Four variables were measured for the evaluation of subarachnoid space width. Sinocortical width (SCW) and anterior craniocortical width (CCW) were evaluated in coronal plane at the level of the foramen of Monro as defined by Libicher and Tröger (1992). The former was defined as the shortest distance between the lateral wall of the triangular superior sagittal sinus and the surface of the adjacent cerebral cortex (Fig. 1), while the latter was the longest vertical distance between the calvarium and the surface of the cerebral cortex (Fig. 2). Only one side was measured, since differences between right and left sides were less than 1 mm in previous prenatal and postnatal studies Libicher and Tröger (1992), Malinger et al. (2000). In transventricular axial plane, the distal subarachnoid space width was measured perpendicular to midline at the level of posterior infolding margin of the slyvian fissure which forms first an obtuse angle and then an acute angle with the base as the gestation progresses (Fig. 3). This was called lateral CCW. The last measurement was performed also in transventricular axial plane at the level of the anterior margin of the lambdoid suture which was called posterolateral CCW (Fig. 4). All measurements were performed by the same physician (ACE). Each measurement was repeated three times for each fetus and the mean diameter was determined.
Fig. 1

Sinocortical width is demonstrated in coronal plane

Fig. 2

Anterior cranicortical width is demonstrated in coronal plane

Fig. 3

Lateral craniocortical width is demonstrated in axial plane at different gestational ages; 21 weeks’ gestation (a), 24 weeks’ gestation (b), 29 weeks’ gestation (c)

Fig. 4

Posterolateral craniocortical width is demonstrated in axial plane

Head circumference (HC) and ventricular atrium measurements were recorded, and Spearman correlation test was performed to investigate a correlation between subarachnoid space width and these parameters, as well as the gestational age. Mann–Whitney U test was used to compare continuous variables. Intraobserver reliability was evaluated by means of intraclass correlation coefficient (ICC). All data processing was performed using the statistical software package SPSS 16.0 (SPSS, Chicago, IL, USA). Alpha significance level was accepted as 0.05 (p < 0.05).

Results

A total of 161 singleton pregnant women were scanned. Seven cases were excluded from the study, because their postnatal data could not be reached. Therefore we analyzed the data of 154 fetuses. All of the fetuses were normal structurally. The mean maternal age, birth weight and gestational age at delivery were 30 ± 5.7 years, 3134 ± 597 g and 38.3 ± 2.2 weeks, respectively. We followed up the cases postnatally for 8–13 months. In two cases ventricular septal defect and in one case mild hypospadias was detected during the neonatal period. In another case posterior palate cleft was diagnosed postnatally. All cases had normal neurologic development.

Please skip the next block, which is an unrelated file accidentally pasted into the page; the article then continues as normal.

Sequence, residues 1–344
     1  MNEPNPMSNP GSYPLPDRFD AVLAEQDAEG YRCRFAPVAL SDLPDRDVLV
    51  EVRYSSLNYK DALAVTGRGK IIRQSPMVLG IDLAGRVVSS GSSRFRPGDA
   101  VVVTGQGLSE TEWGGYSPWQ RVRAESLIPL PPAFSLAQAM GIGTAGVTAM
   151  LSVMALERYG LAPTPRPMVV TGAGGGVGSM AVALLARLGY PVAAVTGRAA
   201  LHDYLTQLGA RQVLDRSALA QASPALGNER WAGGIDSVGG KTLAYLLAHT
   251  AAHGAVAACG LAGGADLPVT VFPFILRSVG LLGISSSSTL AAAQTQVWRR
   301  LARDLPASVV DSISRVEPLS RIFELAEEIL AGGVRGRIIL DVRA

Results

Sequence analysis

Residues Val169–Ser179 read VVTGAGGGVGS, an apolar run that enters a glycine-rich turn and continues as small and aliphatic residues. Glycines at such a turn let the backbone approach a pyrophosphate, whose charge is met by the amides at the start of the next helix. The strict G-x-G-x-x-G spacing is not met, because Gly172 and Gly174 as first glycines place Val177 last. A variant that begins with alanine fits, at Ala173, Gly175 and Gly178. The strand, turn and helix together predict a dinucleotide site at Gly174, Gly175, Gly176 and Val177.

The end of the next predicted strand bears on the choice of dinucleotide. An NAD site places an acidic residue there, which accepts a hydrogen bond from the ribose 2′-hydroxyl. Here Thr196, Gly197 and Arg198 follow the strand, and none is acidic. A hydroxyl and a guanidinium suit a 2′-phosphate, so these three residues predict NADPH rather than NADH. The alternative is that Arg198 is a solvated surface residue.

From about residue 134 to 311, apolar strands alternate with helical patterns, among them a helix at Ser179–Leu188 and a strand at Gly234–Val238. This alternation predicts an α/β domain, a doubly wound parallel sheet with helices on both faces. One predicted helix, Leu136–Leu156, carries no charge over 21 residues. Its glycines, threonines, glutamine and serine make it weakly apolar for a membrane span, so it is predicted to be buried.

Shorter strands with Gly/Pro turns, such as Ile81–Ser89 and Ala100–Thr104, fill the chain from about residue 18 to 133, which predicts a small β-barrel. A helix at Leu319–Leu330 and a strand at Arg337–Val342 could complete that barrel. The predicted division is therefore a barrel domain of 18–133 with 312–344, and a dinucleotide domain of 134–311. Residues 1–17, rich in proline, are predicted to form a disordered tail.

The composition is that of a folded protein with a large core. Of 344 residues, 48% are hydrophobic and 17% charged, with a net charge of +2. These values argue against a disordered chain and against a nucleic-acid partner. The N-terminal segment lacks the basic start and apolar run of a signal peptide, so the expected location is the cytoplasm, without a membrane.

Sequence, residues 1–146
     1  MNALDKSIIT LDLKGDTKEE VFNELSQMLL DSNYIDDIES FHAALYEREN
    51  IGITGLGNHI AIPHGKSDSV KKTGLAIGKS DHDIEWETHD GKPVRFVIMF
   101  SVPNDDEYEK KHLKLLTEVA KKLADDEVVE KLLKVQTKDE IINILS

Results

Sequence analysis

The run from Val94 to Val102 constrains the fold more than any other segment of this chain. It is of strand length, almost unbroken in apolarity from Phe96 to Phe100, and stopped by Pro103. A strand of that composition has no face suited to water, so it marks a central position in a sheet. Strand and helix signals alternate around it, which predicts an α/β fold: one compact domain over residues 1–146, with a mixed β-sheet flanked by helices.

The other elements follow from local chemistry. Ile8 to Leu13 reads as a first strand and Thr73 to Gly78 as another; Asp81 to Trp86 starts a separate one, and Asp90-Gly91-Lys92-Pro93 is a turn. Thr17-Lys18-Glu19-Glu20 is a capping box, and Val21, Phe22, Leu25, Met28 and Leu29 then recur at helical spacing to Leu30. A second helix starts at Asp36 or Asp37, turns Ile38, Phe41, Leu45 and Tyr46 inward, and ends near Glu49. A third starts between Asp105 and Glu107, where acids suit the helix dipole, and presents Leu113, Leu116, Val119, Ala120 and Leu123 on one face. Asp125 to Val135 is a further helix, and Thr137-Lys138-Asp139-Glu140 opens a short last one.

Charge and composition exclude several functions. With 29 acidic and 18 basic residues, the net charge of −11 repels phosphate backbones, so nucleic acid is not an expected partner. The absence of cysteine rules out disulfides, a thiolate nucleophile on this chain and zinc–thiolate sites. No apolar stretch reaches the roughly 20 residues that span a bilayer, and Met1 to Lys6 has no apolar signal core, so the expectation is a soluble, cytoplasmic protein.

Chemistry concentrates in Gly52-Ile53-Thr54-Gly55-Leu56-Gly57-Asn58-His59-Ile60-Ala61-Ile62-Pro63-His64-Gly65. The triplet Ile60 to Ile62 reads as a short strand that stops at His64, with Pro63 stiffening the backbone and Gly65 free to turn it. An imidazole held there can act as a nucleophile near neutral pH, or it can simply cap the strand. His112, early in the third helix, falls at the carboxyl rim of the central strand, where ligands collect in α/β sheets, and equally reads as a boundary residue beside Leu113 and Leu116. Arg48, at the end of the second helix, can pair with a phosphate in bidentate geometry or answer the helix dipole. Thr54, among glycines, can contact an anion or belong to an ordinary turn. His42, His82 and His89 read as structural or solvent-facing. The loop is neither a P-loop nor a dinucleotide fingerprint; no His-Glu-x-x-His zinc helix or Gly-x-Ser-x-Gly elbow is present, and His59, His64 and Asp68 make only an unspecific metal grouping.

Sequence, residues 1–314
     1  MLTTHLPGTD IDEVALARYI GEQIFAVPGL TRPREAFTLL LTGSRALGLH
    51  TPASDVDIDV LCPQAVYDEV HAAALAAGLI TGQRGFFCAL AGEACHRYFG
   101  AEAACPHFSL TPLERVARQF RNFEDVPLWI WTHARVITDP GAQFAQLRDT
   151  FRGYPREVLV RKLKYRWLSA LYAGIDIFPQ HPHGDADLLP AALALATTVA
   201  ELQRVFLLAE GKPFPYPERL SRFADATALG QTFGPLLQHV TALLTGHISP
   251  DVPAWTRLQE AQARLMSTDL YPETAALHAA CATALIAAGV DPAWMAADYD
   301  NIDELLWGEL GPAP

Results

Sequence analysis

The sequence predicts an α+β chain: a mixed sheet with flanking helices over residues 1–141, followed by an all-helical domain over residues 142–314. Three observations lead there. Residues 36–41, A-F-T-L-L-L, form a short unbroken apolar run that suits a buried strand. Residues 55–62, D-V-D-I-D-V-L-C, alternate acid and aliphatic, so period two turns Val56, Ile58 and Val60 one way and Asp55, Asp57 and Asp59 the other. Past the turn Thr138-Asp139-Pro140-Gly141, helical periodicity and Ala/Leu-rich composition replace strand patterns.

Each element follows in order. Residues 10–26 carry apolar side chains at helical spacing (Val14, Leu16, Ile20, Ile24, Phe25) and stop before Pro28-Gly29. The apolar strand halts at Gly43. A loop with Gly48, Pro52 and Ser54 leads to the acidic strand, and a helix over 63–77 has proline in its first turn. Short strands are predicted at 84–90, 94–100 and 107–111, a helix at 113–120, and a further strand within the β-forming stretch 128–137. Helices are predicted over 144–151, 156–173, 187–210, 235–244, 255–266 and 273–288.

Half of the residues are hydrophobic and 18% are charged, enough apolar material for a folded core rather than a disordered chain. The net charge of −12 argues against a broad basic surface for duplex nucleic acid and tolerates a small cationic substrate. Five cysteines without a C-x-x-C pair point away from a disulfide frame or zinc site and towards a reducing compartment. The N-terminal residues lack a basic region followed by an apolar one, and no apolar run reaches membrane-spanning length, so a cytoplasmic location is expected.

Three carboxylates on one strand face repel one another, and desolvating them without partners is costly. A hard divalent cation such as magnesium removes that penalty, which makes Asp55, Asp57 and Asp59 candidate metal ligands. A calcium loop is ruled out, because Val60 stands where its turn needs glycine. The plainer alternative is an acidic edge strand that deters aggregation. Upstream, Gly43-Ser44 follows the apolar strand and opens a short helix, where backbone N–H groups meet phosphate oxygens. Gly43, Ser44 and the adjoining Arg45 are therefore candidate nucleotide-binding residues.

SCW could be measured in 87.6 % (135) of fetuses, while the same figure was 77.9 % (120), 96.1 % (151) and 98.1 % (148) for anterior, lateral and posterolateral CCW, respectively. Intraobserver reproducibility was excellent with an ICC of 0.92 (95 % CI 0.9–0.94), 0.90 (95 % CI 0.87–0.93), 0.98 (95 % CI 0.97–0.98) and 0.95 (95 % CI 0.93–0.96) for SCW, anterior CCW, lateral CCW, and posterolateral CCW, respectively.

94 fetuses were female and 60 fetuses were male. The measurements did not show any significant differences between the two genders (p = 0.12, 0.66, 0.79 and 0.60 for SCW, anterior CCW, lateral CCW and posterolateral CCW, respectively).

The SCW and anterior CCW did not display a significant correlation with gestational age (r = 0.158 and 0.037; p = 0.08 and 0.69, respectively) and head circumference (r = 0.87 and −0.18; p = 0.32 and 0.85, respectively). Table 1 shows mean ± SD, range, 3rd, 10th, 50th, 90th and 97th percentile for SCW and anterior CCW. A linear regression line was plotted between gestational age and lateral CCW (r = 0.707; p < 0.0001; Fig. 5a) and posterolateral CCW (r = 0.437; p < 0.0001, Fig. 5b). A linear regression line was also plotted between head circumference, and lateral CCW (r = 0.709; p < 0.0001; Fig. 6a) and posterolateral CCW (r = 0.391; p < 0.0001; Fig. 6b). Nomograms for lateral and posterolateral CCW according to gestational age are shown in Tables 2 and 3. None of the subarachnoid measurements showed statistically significant correlation with ventricular atrial width.
Table 1

Sonographic measurements of the sinocortical and anterior craniocortical width (mm)

GA (week)

N

Mean ± SD

Min –max

3rd  %ile

10th %ile

50th %ile

90th %ile

97th %ile

SCW

135

1.55 ± 0.41

0.85–3.87

0.99

1.14

1.49

2.10

2.49

Anterior CCW

120

1.63 ± 0.39

0.85–2.82

0.87

1.15

1.62

2.19

2.38

SD standard deviation, Min minimum, Max maximum, SCW sinocortical width, CCW craniocortical width

Fig. 5